In July 2015, renowned film and television actor James Woods filed a $10 million defamation lawsuit against anonymous Twitter user “Abe List,” alleging that Abe List falsely accused Woods of being a cocaine addict.  The statement, which Woods alleges was potentially disseminated to hundreds of thousands of Twitter and Internet users, read “cocaine addict James Woods still sniffing and spouting.”  Although Woods accused Abe List of intentionally seeking to damage his reputation, Abe List characterized his statement not as one of provable fact, but “a constitutionally protected political insult” that is “part of Twitter’s culture of political hyperbole.”

As discussed in an earlier post, a unique challenge that “Twibel” plaintiffs like Woods face in circumstances where the poster chooses to remain anonymous is to identify the speaker who they wish to sue.  Woods took a major step forward in his bid to unmask Abe List through discovery last week, when Los Angeles Superior Court Judge Mel Recana denied Abe List’s motion to strike under California’s law prohibiting Strategic Lawsuits Against Public Participation (“SLAPP”).  First enacted in 1992, the anti-SLAPP statute provides for a special motion to strike a lawsuit where the complaint arises from the exercise of one’s rights of petition and/or free speech.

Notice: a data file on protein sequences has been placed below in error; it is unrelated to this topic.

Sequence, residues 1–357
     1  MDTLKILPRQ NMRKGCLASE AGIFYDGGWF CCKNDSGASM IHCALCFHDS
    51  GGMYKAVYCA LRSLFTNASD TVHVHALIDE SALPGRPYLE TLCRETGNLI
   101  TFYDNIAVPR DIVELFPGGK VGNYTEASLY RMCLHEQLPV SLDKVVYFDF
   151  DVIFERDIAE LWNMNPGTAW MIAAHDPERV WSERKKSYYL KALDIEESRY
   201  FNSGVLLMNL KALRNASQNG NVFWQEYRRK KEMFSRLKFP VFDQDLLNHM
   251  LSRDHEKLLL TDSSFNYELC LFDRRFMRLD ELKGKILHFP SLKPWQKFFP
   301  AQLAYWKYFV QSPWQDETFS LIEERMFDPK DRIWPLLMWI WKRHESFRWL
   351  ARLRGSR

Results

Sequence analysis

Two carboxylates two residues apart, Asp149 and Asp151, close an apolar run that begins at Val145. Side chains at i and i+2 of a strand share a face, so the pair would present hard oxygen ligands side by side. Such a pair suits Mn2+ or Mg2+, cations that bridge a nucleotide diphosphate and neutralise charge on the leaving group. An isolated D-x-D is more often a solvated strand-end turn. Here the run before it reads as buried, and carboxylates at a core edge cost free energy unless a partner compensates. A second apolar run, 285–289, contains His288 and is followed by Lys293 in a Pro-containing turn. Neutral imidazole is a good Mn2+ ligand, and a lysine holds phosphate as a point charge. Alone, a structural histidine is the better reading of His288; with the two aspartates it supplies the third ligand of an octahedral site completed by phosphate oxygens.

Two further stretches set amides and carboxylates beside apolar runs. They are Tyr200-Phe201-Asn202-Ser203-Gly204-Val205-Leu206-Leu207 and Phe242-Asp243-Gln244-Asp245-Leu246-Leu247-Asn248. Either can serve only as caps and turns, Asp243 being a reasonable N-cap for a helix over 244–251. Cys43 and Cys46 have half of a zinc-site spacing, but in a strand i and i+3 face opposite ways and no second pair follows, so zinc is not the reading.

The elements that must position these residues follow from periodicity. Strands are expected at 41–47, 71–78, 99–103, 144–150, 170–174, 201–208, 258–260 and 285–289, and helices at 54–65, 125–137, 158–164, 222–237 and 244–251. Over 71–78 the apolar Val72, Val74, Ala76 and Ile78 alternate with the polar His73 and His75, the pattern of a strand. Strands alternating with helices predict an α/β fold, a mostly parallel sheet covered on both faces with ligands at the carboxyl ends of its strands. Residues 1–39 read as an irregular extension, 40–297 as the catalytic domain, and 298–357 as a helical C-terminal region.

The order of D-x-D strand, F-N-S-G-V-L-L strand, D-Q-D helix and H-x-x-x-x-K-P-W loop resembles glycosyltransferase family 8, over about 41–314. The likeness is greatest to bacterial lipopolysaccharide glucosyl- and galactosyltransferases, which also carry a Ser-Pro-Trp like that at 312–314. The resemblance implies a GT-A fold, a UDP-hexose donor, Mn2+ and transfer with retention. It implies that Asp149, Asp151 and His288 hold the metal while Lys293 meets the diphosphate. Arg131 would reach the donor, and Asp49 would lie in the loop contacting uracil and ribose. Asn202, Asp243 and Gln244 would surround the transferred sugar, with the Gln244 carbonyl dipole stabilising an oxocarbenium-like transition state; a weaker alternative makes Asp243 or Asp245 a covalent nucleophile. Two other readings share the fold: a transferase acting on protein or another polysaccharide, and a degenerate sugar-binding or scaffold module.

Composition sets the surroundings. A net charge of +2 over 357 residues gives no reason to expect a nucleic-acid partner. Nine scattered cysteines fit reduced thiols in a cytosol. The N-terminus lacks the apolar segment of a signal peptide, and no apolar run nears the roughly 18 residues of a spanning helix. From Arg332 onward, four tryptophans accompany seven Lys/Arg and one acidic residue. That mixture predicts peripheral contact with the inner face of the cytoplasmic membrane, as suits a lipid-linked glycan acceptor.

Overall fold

In evaluating Abe List’s anti-SLAPP motion, Judge Recana considered (1) whether Abe List demonstrated that Woods’ lawsuit arose from Abe List’s acts in furtherance of his constitutional rights of petition or free speech; and (2) whether Woods established that there is a probability that he will prevail on his defamation claim.  Ultimately, Judge Recana concluded that that Abe List had carried his burden to show that Woods’ lawsuit arose from Abe List’s exercise of his free speech rights, but that Woods had met his burden of showing a probability of prevailing on the merits.

Judge Recana’s decision as to Woods’ likelihood of success was based upon the declaration of a linguist, who expressed the opinion that readers of Abe List’s tweet would interpret Abe List to be making a factual claim about Woods – i.e., that he is a cocaine addict.  The Court found, therefore, that “[a]pplying the totality of circumstances test, and examining the plain language of the [t]weet, it is clear that any reader of [Abe List’s tweet] could and indeed must view it as a statement of fact” (emphasis in original).  Accordingly, the Court denied Abe List’s anti-SLAPP motion.  Abe List’s attorneys have indicated that their client intends to appeal Judge Recana’s ruling.  Drye Wit will keep you posted on further developments in the case.  In the meantime, you can find additional discussion of Woods’ lawsuit and “Twibel” law here and here.